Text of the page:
Saturday, November 28, 2009


- by Deepa Krishnan

The old man was kind to me as usual.

Salaam-alekum, I said, as we walked into his soap-recycling workshop in Dharavi.
He smiled and waved us in. Behind us, his workers sliced the soap neatly into little bars.

Hurry, hurry, the old man said to them. I must go say my prayers.

There were two goats in the workshop - a big brown one, and a smaller cream coloured one. They followed him around.

First, I must feed these two, he said to me. And he brought out his store of wheat grain.

Wheat?, I asked. I thought it would be grass or leaves.

Ah, these are hand-fed goats, he said. No grass for them!

The goats ate greedily. I looked at their shiny pelts and felt sorry for them.

So, I said to him, tomorrow you will slit their necks, huh?

He nodded and said, yes, it is qurbani.

Qurbani, sacrifice, is the theme of Bakr-Id (in memory of the time when Ibrahim sacrificed his son at God's command, only to discover that instead of the son, a dead ram lay at the altar).

The ideal qurbani is therefore, when one selects the animal oneself, nourishes it and becomes familiar or even attached to it. Without that attachment, there is no real sacrifice, is there?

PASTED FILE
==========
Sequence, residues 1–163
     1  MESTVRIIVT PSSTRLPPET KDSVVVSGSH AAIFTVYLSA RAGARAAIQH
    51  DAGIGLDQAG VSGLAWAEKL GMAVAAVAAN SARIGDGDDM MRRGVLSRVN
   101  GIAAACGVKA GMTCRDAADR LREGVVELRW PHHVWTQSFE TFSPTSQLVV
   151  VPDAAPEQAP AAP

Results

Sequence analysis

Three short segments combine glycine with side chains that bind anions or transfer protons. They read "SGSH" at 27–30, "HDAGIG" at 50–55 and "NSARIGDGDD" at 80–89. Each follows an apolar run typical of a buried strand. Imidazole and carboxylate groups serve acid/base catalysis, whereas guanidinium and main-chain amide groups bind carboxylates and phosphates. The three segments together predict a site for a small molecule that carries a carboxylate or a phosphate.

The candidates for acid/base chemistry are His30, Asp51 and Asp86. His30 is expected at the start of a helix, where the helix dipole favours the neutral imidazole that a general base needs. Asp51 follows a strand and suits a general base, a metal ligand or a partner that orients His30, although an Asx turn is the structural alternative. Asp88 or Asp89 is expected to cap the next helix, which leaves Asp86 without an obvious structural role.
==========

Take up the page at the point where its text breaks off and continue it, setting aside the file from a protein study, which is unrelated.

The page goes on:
I knew this, but it didn't stop me from feeling sorry for the poor goats. Vegetarians like me can afford to feel this sort of sympathy. But as long as I don't get holier-than-thou about it, as long as I can understand someone else's point of view, it's ok, I guess.

I don't eat meat, I said to the old man. It was the perfect opening for him to ask me about myself. Who was I? What part of the country did I come from? Where did I live? We found ourselves settling into the well-understood rituals that govern social interaction.

I talked about my grandfather, and how he migrated to Bombay and found a job here. As I told my grandfather's story, the old man stood up and cleared a chair for me. Come, sit, he said, why are you standing? And thus, over a migrant's story, we made a connection.

Next time, I go there, I'll ask the old man about *his* story. I am looking forward to it.

The photos below are by the very talented Meena Kadri, who came with me on my Dharavi jaunt. Check out her flickr album if you have the time. What an amazing eye she has for form and colour.

Aerial view of recycling sheds (on the left). Trucks bring in raw material and take away finished goods.

Inside the soap factory: Worker slicing and packing soap. The raw material includes waste from large soap manufacturing factories. The final product is a small green slab.

More goats outside the workshop compound. No one will go hungry on Id.

Thursday, November 26, 2009

There is an answer

- Posted by Deepa, a poem by Girish Sangameswaran

My cousin Girish wrote something about last November's attacks on Mumbai, and I thought I'd post it here on the anniversary of the attacks.

- Deepa

Violence in Mumbai, 26 Nov 08 onwards.
More than 100 killed, 300 injured.

The horrendous acts of violence
Laced with sweetness of religion
Garnished with mindsets of division
Are these acts of chaotic blindness or
Colossal stupor ?

Armed organizations with black heads
Black scarfs, black weapons
Blackness looming large
Black minds, black shouts of freedom, victory